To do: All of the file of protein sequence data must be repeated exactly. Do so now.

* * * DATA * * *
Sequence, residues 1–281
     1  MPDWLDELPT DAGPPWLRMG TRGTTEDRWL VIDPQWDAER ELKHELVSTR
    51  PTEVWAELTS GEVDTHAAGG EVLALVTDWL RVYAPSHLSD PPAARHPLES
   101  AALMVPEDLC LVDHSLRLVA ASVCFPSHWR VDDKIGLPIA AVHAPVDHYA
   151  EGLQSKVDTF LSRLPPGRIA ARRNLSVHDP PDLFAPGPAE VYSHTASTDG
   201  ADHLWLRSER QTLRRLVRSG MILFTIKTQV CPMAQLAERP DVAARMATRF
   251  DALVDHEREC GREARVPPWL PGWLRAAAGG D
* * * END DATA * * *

Sequence, residues 1–281
     1  MPDWLDELPT DAGPPWLRMG TRGTTEDRWL VIDPQWDAER ELKHELVSTR
    51  PTEVWAELTS GEVDTHAAGG EVLALVTDWL RVYAPSHLSD PPAARHPLES
   101  AALMVPEDLC LVDHSLRLVA ASVCFPSHWR VDDKIGLPIA AVHAPVDHYA
   151  EGLQSKVDTF LSRLPPGRIA ARRNLSVHDP PDLFAPGPAE VYSHTASTDG
   201  ADHLWLRSER QTLRRLVRSG MILFTIKTQV CPMAQLAERP DVAARMATRF
   251  DALVDHEREC GREARVPPWL PGWLRAAAGG D